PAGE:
As we descended at Pinnacles Steve had ear problems so Bobbi and I waited for him on the line. Then it seems his weight belt came loose. He released the line to readjust it. At that point he drifted off the line, and because we happened to be descending into an algae bloom, we lost it completely. This was mainly due to the current which took us with it into mid water. This was potentially problematic because Steve could have descended unknowingly in the murk despite ear pain but he was watching his depth and managed things till we drifted onto the rocks and were able to pick up wall contours for orientation and resumption of descent.

I could tell with the current, navigation was going to be difficult. I decided to lay out the line anyway. I roped it off but instead of heading out over the sand I followed the wall. I kicked with the current and moved quickly but realized it was going to be harder going back. I had taken the precaution of buddying Bobbi and Steve earlier and they followed me, and Steve wrote down the number of kicks at the end of that exercise. Then it was time for him to repeat in the opposite direction while I took in the line. He was supposed to be observing where he'd been as well and would later have taken us back over the same route and back to the start by dead reckoning, and by laying the route along the wall it was fairly easy, though he would have to be counting kicks to be sure he didn't overshoot the end point. But instead something else happened. Instructor error, absorbed in taking in the reel and countng kicks to see how different upcurrent was from down, I didn't notice till it was too late that my divers weren't following me. I was taking in the line, so they no longer had that reference, but they had the wall and would have to pass me if they stayed on it. So I reversed direction and started re-laying the line where it had been before. I reached the end point where I had set a rock on its edge as an unmistable landmark of where we had reached earlier, execpt that we were in an algae bloom, vis was poor, and a diver could miss small landmarks. Still I figured if they had drifted off the wall then they would need only return to it and they would see the line. They must be somewhere on the line then, so I decided to go the 30 meters to the start point, taking up the line again, but after doing that I still didn't see my divers. Hmmm, training and boat briefing says if you lose a buddy, look 60 seconds, and surface. It had been longer than that. So I surfaced and saw them 75 meters downcurrent, well off the wall and Pinnacles rocks.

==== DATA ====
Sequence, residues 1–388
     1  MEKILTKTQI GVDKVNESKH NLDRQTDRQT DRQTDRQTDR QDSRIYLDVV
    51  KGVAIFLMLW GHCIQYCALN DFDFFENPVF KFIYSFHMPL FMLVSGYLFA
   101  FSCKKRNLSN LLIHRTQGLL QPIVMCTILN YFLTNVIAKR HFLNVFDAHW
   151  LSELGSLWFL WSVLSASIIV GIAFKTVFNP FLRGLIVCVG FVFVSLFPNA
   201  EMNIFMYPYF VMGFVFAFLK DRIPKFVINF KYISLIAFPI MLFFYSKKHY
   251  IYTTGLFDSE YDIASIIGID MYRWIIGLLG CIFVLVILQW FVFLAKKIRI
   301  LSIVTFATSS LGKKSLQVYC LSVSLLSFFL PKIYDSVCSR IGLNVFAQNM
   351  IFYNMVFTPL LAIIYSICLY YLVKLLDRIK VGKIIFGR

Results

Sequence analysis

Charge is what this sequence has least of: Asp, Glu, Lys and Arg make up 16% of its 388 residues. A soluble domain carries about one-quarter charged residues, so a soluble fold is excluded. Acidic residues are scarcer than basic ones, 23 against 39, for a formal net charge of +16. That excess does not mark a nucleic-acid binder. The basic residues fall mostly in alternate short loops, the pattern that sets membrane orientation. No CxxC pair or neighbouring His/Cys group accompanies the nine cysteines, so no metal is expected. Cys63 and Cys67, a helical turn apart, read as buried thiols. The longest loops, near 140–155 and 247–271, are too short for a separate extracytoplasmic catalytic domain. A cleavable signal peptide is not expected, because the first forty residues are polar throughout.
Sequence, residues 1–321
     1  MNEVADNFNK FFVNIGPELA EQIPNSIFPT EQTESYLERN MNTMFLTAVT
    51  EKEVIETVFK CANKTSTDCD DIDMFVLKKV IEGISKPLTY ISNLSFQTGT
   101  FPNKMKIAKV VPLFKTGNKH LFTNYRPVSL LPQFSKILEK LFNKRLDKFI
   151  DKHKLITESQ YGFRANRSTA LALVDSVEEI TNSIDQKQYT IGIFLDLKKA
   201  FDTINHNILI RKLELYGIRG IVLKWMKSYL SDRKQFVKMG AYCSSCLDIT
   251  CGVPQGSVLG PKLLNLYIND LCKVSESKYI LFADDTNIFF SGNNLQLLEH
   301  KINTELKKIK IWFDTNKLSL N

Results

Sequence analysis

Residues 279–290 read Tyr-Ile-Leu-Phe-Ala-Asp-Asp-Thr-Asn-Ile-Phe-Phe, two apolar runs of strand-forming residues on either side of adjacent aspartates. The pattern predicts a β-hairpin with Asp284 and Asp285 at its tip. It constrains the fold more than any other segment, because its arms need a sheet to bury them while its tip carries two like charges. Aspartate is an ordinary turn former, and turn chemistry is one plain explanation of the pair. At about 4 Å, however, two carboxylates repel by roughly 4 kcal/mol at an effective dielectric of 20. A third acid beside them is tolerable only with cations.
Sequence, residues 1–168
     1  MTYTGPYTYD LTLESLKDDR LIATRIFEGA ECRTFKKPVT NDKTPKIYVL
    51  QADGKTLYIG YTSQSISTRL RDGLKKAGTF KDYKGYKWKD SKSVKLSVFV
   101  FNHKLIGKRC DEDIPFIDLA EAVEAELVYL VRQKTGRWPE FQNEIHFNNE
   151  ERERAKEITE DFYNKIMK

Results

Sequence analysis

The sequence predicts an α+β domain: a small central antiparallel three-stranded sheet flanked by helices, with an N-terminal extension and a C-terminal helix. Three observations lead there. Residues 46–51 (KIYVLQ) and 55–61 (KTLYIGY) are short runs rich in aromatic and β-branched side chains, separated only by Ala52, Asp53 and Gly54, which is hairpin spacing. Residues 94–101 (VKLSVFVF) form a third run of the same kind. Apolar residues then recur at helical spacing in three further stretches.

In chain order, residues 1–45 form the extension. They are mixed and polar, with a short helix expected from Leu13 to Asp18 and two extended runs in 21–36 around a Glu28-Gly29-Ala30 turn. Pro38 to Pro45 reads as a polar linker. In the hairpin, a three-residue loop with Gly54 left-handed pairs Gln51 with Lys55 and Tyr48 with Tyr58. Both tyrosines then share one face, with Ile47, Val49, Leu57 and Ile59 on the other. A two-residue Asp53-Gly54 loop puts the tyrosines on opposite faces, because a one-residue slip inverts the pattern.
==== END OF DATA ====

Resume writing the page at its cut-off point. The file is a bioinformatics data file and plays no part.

Bobbi called to me to send the boat. I was nearer the boatman and I relayed the message. He came right away to get them. I drifted to where they were. The boatman asked if we wanted to continue but navigation in these conditions was too difficult. The diving here wasn't pleasant, and it was by then 4:30. We decided to call it a day and go into night mode and keep our 6:00 pm appt at Freestyle.

(What had happened? Later I found that they had started following me but lost sight of me. I had told Bobbi to follow Steve. Not sure what to do he had decided to return to the upturned rock but missed it and the two of them kept going with the current, which swept them well off the wall and downstream. They had then gone into lost buddy mode and surfaced, and eventually spotted me there. Through proper training, the situation had remained under control.)

Actually we decided to call it a drift dive. Steve had experienced current for the first time and kept his cool. Reviewing the requirements for the dive, we felt that he had met them. We had not planned a drift dive initially but we had planned for contingencies, and when the dive developed into a drift dive, Steve stayed with his buddy, kept his buoyancy, and reacted appropriately even to the point of compromising a safety stop, not strictly necessary for a 12 meter dive when 3 minutes remaining under water was over-ridden by the need to surface after 1 minute and reunite with the missing buddy.

We then moved down the road to Freestyle divers and readied for our night dive on Dibba Rock. Steve used Ann's old BCD and said he was comfortable with it on shore, but in the water he found that it was too small and as a result put the buoyancy to his back, not distributed around his body This caused him to be fighting buoyancy during the dive, but to his credit I was hardly aware of it. I don't remember what we saw on the dive, none of the creatures I had suggested we might see in my glorified dive briefing. The high point of the dive was shortly toward the end when we switched off the lights and kicked and flailed without lights just to churn up the phosphorescent sparklers all around, a memorable sight to realize how many organisms there are living in the water otherwised unobserved. As far as an advanced course night dive was concerned, the dive was a success.